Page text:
The welfare advisor to the British Horseracing Authority has welcomed confirmation there were no fatalities in the 2014 Grand National.
Only 18 of the 40-strong field finished but, for the second year running, all horses and jockeys returned safely.
"This year's Grand National was another exciting spectacle," said World Horse Welfare's chief executive Roly Owers.
"Today's race is more evidence that responsible riding from most jockeys and new fences are improving safety."
Pineau De Re, ridden by Leighton Aspell and trained by Dr Richard Newland, won the 167th National at Aintree at odds of 25-1.
The 11-year-old beat Balthazar King (14-1) by five lengths, with Double Seven (10-1 joint favourite) third, Alvarado (33-1) fourth and Rocky Creek (16-1) fifth.
The Aintree fences, which now have a core made of more flexible plastic, rather than wood, and are covered by the traditional spruce, were redesigned for the 2013 showpiece after two fatalities in each of the previous two years.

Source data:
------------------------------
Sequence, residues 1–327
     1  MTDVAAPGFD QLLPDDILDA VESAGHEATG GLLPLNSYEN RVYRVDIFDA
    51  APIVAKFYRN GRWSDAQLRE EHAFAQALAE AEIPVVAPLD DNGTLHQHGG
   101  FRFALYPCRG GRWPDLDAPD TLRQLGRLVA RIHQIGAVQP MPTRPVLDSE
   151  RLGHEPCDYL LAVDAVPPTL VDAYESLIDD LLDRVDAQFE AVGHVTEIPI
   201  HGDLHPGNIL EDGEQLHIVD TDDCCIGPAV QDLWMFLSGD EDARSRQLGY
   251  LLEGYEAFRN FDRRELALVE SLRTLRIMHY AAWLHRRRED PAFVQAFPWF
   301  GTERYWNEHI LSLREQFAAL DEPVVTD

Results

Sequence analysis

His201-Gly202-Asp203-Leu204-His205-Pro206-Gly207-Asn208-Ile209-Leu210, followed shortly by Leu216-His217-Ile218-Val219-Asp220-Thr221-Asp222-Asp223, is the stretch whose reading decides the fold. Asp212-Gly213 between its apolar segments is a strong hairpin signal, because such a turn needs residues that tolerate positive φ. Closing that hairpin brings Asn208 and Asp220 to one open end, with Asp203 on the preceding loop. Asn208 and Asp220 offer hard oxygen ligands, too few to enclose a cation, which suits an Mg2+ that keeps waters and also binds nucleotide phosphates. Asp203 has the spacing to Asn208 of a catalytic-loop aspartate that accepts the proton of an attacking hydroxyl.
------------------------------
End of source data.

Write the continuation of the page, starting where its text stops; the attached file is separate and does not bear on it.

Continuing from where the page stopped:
While World Horse Welfare was pleased to see the latest running of the race pass off without serious incident, it would like to see a reduction in the size of the field.
"Aintree can take great credit for demonstrating that considered safety improvements need not detract from the thrill and drama of the world's most famous horse race," Owers added.
"While we will be reviewing the race more closely in the coming days, we are concerned at the relatively high number of fallers and unseated riders which pose safety risks to horses and their jockeys.
"World Horse Welfare would still like to see a trial reduction in the maximum field size. We look forward to discussing this with Aintree and encourage continued vigilance."
Following the race, Jack Doyle was given a 12-day suspension by the stewards for, in their view, failing to pull up a horse who was clearly exhausted in Wayward Prince, who fell at the third-last.